The Mitsubishi Montero Sport is one popular sport-utility vehicle. No sense in arguing against that. As a personal observation, I've noticed that for every two Montero Sport units I see at any given time, I can only spot a solitary unit of the vehicle it has replaced at the top of the public's shortlist for an affordable yet capable 4x4 vehicle.
Seeing how popular the Montero Sport is, it's almost a given that introducing two more powerful yet slightly more affordable variants will only continue the nameplate's dominance in the market.
One such variant is the Montero Sport GTV 4x4, and the three words that'll induce groans and headaches to those mathematically-challenged are what makes this and it's less affluent variant, the GLS-V 4x2, worth considering for new-car buyers: variable-geometry turbo (VGT).
One common problem with turbocharger-equipped vehicles is the so-called turbo lag. When a turbocharged vehicle is running on low or mid-range revolutions-per-minute (RPM) ranges, the exhaust gas produced is sparse. This means the turbocharger isn't getting enough power to boost the engine's power output. The movable vanes of the VGT solves that problem by creating a narrow passageway, which causes the exhaust gases to accelerate and spin the turbo's turbine blades faster. This increases the engine's overall efficiency across the entire RPM range.
It's this little bit of technology that seriously gives the Montero Sport the kind of power and kick its earlier variants have been lacking. It doesn't matter if you're tackling a fast corner on a makeshift dirt track on what used to be the grassy infield of the Clark International Speedway or the flat pedal-to-the-metal drag strip in the same venue; the wide grin on your face and how high your eyebrows have arched up to your forehead are proof enough of how good the add-ons to the 2.5-liter 4D56 common rail diesel engine are.
Even a shotgun ride with two-time Paris-Dakar champion Hiroshi Masuoka showed just how smooth the engine's power delivery is as the genial Japanese deftly threw the GTV through the corners. On tarmac or on dirt, Masuoka-san made quick work of the terrain as he guided the Montero Sport through the twists and curves at speeds no one would dare take on their own personal vehicle. Dirt, dust and mild scratches from the close encounters with the buntings be damned; if the Montero Sport GTV can handle the kind of thrashing it experienced in the hands of a 12-time Paris-Dakar contender, it can certainly handle the pothole-strewn streets of the Philippines.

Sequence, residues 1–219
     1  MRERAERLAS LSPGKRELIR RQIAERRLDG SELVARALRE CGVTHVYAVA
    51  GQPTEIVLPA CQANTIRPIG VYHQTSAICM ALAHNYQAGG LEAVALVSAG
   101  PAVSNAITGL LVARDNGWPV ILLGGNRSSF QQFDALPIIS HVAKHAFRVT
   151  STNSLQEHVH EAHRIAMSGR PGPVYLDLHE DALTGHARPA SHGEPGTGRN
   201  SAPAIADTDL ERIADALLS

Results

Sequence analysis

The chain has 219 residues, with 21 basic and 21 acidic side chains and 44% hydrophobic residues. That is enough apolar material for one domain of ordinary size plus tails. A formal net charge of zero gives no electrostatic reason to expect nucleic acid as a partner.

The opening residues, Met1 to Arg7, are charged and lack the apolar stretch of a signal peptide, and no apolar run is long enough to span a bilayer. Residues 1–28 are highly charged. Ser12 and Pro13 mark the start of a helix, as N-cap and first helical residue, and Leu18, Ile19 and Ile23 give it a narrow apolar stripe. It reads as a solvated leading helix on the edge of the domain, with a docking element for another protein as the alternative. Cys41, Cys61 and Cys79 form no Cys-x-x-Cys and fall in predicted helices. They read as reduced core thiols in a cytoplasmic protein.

Unfortunately, we weren't given the chance to sample the Pajero-derived Super Select 4WD system during Mitsubishi Motors Philippines' media test drive of the VGT-equipped Montero Sport variants. Then again, since it's a bit of kit from Mitsubishi's tried-and-tested, multiple-time Paris-Dakar contender, nothing much can be added to show just how competent the Montero Sport is off the beaten path.
The Montero Sport GTV is perfectly capable on the mechanical side but Mitsubishi Motors Philippines did not stop the model's upgrades there. Its interior was also thoroughly reworked.
Upon settling inside the new Montero Sport, the first thing you'll notice is the firm and supportive leather seat, particularly the eight-way power-adjustable system on the driver's side. Never has driving on rough terrain in a relatively affordable 4x4 been as comfortable as it was in a Montero Sport GTV. Immediately in front of the driver's seat, the high-contrast instrument cluster makes for some easy gauge reading while the magnesium alloy paddle shifters give you a semblance of control over the INVECS-II five-speed automatic transmission.
The biggest improvement inside, however, lies in the multimedia and information system with a seven-inch liquid crystal display monitor in the center console. Besides the requisite entertainment feature, which can play DVDs or other media through its iPod connector or USB port, the system also has Bluetooth connectivity that is fast becoming a standard safety feature for hands-free telephone conversations. On top of other useful--and sometimes vital--real-time information like fuel consumption, average speed, drive range, outside temperature, atmospheric pressure, altitude and tire pressure, the system also has a built-in global positioning system so getting lost and folding out a huge paper map over the dashboard and steering wheel should now be a thing of the past.
As Mitsubishi Motors Philippines winds down the sales of the Montero Sport 3.2-liter variants this year to push the GTV 4x4 and GLS-V 4x2 to the top of its model lineup, we can safely say that these VGT-equipped variants will further strengthen the brand's hold in the affordable sport-utility-vehicle market. After all, the current range-topping 3.2-liter GLS SE 4x4 costs P1.720 million and yet its output is lower by 15hp and 7Nm. The 2.5-liter Montero Sport GTV is more powerful and it is more affordable as it costs P34,000 less than the 3.2-liter variant. With these figures, only someone who believes in the old-fashioned gearhead's adage that "there's no replacement for displacement" will pick the remaining stock of the 3.2-liter Montero Sport.
Photos from Mitsubishi Motors Philippines